What Is a Detached Retina?
A U-M expert explains the basics of this eye condition, including causes, treatments and possible long-term outcomes.
A detached retina is a serious problem that can cause blindness as the retina is pulled away from its normal position in the back of the eye.
It can happen at any age, causing flashes, floaters and impacting peripheral vision, but is more common in midlife and later.
David N. Zacks, M.D., Ph.D., of the University of Michigan Kellogg Eye Center, describes the vision changes as “seeing lightning when there’s no storm outside, or fireworks when it’s not the Fourth to July.”
“As retinal detachment progresses it can lead to a loss of vision,” says Zacks, an expert in retinal detachment and diabetic retinopathy, who is pictured in the photo above. “This typically starts in peripheral portion of the visual field, and progresses like a curtain is drawn and is starting to cover the eye. If people experience these symptoms, they should be concerned about retinal detachment.”
The risk of experiencing a retinal detachment increases with age. Myopia or nearsightedness, trauma, diabetes or inflammation are also causes.
Treatment and drugs
Retinal tears: Retinal holes or tears will usually need to be treated with laser treatment or cryotherapy (freezing) to seal the retina to the back wall of the eye again. These treatments cause little or no discomfort and may be performed in an ophthalmologist's office. This treatment will usually prevent progression to a retinal detachment. Occasionally retinal tears are watched without treatment.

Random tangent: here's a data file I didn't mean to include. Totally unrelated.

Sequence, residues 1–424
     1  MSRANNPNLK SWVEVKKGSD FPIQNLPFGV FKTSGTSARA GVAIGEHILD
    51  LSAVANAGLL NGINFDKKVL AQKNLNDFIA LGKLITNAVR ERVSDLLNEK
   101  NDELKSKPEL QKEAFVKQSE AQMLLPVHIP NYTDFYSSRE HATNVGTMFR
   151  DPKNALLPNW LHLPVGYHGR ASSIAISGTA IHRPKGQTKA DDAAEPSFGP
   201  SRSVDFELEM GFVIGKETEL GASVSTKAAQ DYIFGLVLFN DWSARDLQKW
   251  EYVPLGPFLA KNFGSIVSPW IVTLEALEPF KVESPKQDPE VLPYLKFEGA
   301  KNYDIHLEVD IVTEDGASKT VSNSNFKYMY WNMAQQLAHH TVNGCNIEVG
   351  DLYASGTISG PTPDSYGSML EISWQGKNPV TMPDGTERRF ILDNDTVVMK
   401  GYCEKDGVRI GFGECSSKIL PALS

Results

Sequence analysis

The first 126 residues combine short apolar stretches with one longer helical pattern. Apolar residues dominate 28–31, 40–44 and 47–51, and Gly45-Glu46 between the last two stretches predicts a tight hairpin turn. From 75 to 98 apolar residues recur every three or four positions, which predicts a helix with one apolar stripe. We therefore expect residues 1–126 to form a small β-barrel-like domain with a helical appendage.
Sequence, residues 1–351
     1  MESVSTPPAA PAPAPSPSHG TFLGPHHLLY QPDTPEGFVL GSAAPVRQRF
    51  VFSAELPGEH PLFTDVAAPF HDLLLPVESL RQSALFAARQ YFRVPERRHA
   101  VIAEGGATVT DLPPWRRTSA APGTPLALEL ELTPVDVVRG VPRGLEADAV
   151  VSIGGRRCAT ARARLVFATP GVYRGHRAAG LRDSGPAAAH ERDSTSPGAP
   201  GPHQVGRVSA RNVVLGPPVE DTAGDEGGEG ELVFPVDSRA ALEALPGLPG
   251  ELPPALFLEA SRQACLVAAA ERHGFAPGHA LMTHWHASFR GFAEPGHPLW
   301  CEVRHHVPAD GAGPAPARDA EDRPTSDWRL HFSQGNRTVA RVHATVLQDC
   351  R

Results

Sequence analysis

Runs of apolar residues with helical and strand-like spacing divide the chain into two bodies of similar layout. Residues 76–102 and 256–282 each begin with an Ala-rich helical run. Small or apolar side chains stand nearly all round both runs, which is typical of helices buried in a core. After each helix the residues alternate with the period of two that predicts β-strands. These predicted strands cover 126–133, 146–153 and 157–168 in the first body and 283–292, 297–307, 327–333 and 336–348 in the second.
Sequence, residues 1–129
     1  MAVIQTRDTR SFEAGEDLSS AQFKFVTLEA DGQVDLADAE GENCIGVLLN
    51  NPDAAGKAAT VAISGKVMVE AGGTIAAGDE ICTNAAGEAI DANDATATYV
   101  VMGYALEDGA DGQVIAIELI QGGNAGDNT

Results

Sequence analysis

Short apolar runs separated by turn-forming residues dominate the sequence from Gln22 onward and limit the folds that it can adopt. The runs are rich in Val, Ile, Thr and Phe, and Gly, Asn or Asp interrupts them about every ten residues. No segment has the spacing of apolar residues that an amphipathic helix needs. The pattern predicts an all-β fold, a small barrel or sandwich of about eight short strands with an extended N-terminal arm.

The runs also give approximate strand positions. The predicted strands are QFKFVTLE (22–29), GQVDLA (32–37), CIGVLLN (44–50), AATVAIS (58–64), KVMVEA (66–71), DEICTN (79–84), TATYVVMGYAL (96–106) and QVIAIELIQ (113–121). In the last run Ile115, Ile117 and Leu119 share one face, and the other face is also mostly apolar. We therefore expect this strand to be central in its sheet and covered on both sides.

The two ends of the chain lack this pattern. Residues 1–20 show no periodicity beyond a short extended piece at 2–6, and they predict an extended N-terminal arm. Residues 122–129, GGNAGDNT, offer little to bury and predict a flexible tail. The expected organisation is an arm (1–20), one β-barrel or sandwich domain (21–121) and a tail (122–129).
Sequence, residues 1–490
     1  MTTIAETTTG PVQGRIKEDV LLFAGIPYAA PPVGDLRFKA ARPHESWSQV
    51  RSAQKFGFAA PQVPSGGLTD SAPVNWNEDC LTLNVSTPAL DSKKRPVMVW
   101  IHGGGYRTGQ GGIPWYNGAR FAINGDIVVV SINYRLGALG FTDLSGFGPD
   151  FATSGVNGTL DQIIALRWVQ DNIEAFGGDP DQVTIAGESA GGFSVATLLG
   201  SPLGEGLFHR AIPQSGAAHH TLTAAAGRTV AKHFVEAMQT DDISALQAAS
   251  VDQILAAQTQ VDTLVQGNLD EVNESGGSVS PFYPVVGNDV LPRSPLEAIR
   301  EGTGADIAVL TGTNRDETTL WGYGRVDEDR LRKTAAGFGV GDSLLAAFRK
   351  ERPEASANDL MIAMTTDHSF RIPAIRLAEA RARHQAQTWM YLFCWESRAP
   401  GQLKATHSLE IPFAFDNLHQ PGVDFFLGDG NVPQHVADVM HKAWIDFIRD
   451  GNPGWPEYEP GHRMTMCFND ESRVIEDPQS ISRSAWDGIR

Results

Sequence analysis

Detached retina: Retinal detachments may require surgery to return the retina to its proper position in the back of the eye. There are several ways to fix a detached retina. The decision of which type of surgery and anesthesia (local or general) to use depends upon the characteristics of the retinal detachment. In each of the following methods, your ophthalmologist will locate any retinal tears and use laser surgery or cryotherapy (freezing) around them to seal the tear.
Patients can expect some discomfort after surgery for a detached retina. An ophthalmologist will prescribe any necessary medications and advise when to resume normal activity. Post-surgery, patients will need to wear an eye patch for a short time.
If a gas bubble was placed in the eye, patients may have to used specific sleep positions and are restricted from air travel, scuba diving and certain types of anesthesia until after the bubble is gone. A change of glasses may be necessary after the retina has been reattached.
Will vision improve?
“Vision may take many months to improve and in some cases may never fully return,” says Zacks. “Unfortunately, some patients, particularly those with chronic retinal detachment, do not recover any vision. The more severe the detachment, and the longer it has been present, the less vision may be expected to return.”
Learn more at the Kellogg Eye Center’s website.